Professionals and Amateurs

I have been known to stroll around craft fairs, marveling at the clever work of others and thinking to myself "I could do that." I'd soon discover that without the vision and design sense, my version would be a pale imitation, hardly the thing that caught my eye when made by someone else. My husband, a lifelong woodworker, makes musically perfect Native American flutes. He used to do high-end art shows around the west and always had a few Georges come by. The Georges were the guys who weren't interested in how to play but only in how to make a flute. They'd take a good deal of his time, had lots of questions, and inevitably their wives would whisper, "you could make one of those, George."

We're probably Georges too. In the 1970s, many of us left the city to get back to the land. Part of the big John Denver migration to the back woods. We designed and built our own homes. There was no architect, no contractor. I'm proud of our home, of the painstaking labor and building decisions we made. Plans were drawn on graph paper and accommodations made along the way. Nowhere for the upstairs bathroom plumbing to go if I wanted to keep the open-beamed ceilings downstairs? Raise the tub and toilet a foot.

I like to think I can do nearly anything on my own. Build anything, fix anything, handle any problem. It's not true, of course. But in our do-it-yourself world, it's no wonder that Pinterest is one of the most popular sites on the web. No need to pay an expensive professional when I can handle it myself.

As a professional educator though, I see things differently. There are many non-educators who believe they have the answers to what ails schools -- from Bill Gates to Arne Duncan to every reporter and columnist I read. We have a system where elected school boards oversee our schools, rarely with any experience in schools other than as a student or parent. As an administrator, I was quite accustomed to listening to parents' and students' ideas about how to make our school better. 

I had to come to terms though with my own amateurish efforts a few months ago. My 90-year old mother-in-law recently lost her husband of 71 years. I had promised to come down and stay a few weeks to help her out. Pauline worked outside of the home only a short while during her life, mostly caring for their immaculate home and raising four children. She has a stack of magazine and newspaper clippings she shares freely with us, advice on everything from taking care of your skin to how to properly burp a baby or tips for removing burnt-on grime from pots and pans. While I was there, she patiently corrected several of my faults.

"Always put the cover on the toilet before you flush. Otherwise particles of your potty float into the air and land on your toothbrush."
"You should bake that fish so it doesn't cook in all that oil."

"Don't you want walnuts on your cereal? Eat a handful of nuts every day."

"We need to keep these lights off when you leave a room."

"This towel is for hands; the other one is only for drying dishes."

It didn't bother me much at first.  After all, I love my mother-in-law. She's always been very good to me. But after a week or so, I started resenting all the corrections. 

It was in the midst of complaining over the phone to my husband that it hit me. I was an amateur homemaker and she was the professional.  She had educated herself through Good Housekeeping and the daily newspaper, by watching Dr. Phil and Oprah, and by many decades of conversations with friends, family and hairdressers about the fine points of taking care of one's home, family and own health. For me, all of these were mere tedium. I could cook a meal and my kids didn't starve. The health department had not come to condemn the filth in my house. And the pets were still alive. But expertise? I had none of it.  How long had it been since I'd clipped a coupon?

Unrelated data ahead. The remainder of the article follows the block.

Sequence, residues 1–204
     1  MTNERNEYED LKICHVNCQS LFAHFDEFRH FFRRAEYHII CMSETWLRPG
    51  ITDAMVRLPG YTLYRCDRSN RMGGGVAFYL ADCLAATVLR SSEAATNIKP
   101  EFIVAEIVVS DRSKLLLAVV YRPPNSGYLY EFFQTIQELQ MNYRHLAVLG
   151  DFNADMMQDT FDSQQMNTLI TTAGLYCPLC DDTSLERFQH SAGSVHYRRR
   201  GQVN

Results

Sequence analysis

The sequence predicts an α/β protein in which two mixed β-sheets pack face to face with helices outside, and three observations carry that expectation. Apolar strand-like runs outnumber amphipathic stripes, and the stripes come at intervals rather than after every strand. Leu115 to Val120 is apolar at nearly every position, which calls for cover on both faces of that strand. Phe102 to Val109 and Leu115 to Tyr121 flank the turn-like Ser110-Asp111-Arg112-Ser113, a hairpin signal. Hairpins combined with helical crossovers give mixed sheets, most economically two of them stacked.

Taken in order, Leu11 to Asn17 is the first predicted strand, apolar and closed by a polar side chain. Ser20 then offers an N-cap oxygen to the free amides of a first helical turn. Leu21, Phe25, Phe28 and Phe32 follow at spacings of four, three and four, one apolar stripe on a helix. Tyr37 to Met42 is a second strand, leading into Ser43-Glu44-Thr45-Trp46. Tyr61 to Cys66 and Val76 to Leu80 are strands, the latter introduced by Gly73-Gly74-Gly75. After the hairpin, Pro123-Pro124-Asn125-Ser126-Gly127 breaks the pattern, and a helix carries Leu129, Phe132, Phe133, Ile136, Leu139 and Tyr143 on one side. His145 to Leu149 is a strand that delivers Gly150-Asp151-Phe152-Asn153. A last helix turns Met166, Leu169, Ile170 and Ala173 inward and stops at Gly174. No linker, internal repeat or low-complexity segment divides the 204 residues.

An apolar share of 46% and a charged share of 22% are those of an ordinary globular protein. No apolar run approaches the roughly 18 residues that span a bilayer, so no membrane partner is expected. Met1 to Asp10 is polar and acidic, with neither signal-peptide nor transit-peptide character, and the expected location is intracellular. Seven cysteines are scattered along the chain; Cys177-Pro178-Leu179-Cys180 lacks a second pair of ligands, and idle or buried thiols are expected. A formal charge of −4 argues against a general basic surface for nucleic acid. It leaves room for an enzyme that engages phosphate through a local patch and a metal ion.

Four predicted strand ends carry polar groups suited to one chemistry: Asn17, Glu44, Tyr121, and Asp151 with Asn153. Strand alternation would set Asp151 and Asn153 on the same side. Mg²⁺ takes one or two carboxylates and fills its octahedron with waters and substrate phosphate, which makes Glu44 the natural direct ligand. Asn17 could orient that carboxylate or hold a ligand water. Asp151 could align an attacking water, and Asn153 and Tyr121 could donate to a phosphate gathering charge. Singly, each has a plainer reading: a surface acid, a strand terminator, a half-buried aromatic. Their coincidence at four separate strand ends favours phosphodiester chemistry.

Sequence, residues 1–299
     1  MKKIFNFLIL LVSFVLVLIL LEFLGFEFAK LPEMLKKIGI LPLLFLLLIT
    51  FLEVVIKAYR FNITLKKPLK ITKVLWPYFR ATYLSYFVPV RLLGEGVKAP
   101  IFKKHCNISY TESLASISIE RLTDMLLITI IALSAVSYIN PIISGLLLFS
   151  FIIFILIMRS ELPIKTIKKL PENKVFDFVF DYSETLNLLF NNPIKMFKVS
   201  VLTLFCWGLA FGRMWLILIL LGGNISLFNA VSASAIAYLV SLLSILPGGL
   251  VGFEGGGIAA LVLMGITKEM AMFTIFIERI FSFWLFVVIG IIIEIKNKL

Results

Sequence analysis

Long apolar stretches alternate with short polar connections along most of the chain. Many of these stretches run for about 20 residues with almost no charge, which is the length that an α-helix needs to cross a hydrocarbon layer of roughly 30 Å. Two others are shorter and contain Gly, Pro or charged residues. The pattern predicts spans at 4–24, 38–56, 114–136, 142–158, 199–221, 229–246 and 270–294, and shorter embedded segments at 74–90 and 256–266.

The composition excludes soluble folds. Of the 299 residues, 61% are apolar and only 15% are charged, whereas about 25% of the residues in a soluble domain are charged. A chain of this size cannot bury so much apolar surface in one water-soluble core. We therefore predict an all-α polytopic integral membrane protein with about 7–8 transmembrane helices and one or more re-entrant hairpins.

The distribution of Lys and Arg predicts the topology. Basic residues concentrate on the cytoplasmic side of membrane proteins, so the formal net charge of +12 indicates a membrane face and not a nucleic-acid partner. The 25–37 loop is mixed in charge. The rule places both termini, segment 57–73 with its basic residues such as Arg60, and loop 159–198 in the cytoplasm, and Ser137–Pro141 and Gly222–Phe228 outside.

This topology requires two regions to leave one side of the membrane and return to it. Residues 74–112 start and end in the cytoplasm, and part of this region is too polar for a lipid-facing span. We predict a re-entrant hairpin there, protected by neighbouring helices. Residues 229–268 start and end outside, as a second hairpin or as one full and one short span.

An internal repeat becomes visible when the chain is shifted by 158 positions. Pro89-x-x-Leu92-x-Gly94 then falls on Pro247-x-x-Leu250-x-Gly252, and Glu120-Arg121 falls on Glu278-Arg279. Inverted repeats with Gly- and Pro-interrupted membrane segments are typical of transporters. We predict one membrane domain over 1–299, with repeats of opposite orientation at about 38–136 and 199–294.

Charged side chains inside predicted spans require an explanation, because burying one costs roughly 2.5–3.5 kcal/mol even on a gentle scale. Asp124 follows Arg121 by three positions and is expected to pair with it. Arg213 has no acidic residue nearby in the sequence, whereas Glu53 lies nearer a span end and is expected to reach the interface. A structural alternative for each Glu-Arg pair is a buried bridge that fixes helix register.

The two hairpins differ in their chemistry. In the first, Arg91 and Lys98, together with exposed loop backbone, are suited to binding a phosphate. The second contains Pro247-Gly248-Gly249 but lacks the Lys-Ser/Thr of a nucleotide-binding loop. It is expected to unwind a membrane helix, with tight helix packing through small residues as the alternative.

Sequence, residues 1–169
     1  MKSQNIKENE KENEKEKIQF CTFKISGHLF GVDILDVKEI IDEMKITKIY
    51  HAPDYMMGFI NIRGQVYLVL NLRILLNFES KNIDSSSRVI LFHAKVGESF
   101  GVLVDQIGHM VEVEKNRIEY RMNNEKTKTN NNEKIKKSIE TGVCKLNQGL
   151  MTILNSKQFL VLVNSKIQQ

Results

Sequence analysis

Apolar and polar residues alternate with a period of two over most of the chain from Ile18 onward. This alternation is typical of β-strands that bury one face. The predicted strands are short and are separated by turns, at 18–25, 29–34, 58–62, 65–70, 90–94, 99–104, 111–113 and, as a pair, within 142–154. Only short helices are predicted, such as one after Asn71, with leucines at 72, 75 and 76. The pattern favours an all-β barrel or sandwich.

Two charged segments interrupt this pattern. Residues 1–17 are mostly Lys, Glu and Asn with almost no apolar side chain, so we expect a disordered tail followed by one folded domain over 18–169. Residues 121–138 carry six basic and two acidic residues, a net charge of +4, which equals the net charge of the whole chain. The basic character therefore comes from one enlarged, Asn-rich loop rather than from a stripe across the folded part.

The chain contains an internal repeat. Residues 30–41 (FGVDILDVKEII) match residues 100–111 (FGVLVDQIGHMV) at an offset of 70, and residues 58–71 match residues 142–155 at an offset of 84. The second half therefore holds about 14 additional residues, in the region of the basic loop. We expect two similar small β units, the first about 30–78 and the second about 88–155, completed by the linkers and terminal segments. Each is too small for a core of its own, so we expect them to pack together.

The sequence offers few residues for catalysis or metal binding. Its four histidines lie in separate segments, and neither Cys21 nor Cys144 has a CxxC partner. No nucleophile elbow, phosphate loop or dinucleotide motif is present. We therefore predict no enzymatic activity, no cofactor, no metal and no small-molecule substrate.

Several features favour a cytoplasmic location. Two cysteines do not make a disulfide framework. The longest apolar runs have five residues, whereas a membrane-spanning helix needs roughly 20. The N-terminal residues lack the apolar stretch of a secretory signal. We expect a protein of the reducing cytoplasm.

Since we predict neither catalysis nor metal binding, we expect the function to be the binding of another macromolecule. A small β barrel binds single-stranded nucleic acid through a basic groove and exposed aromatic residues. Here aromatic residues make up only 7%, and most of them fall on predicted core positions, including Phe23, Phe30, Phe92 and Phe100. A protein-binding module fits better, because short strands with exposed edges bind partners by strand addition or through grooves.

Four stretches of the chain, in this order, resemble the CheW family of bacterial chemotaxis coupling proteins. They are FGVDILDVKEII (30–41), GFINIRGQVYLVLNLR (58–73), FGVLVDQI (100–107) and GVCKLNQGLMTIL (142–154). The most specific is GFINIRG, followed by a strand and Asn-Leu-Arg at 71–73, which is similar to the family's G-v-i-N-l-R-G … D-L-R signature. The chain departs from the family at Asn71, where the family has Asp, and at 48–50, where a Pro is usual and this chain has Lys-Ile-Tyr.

My attitude changed when I realized that just as I was a professional educator, with experience, training and insights that most lay people lacked, she was a professional homemaker, far better trained in her field than me.

The difference between professionals and amateurs was driven home again this holiday season.  We order online occasionally and the delivery trucks have to venture a half mile off the paved road to bring ourpackages. Our mail carrier is wonderful about it and somehow still manages to keep to her schedule. The UPS and FedEx trucks arrive too and are friendly though less predictable about when they'll come. But last December, FedEx's seasonal drivers twice left our packages with a neighbor a half-mile away -- a neighbor we'd never met. There was snow on the ground and perhaps they didn't want to come find us. I tried to call the local FedEx office to let them know but there is no local number. Nothing in the phone book, nothing listed online. Only an 800 number -- the nice man in El Salvador had decent English and tried to be helpful. But his computer readout said the packages were left on my porch, based presumably on the driver's input.

I decided to turn my frustration with the low-paid, part-time seasonal workforce that is UPS and FedEx into a trip to the Post Office just to thank them profusely for being professionals. It makes a difference. 

So educators, stand proud. I know what lousy homemakers most of you are. I've seen your living rooms and front yards. But you are the professionals who know education and what kids need. Let's stop letting the pundits, politicians and journalists decide what's best for our students.  Speak up. Remind them that being a professional is worth something.

You may not be surprised to know I recently hired a professional designer to plan a bathroom remodel. She looked at the tiled steps leading up to the shower and was horrified. "How many people have slipped and fallen here?" She's expensive but maybe cheaper than DIY.

Thanks for the lesson, Mom.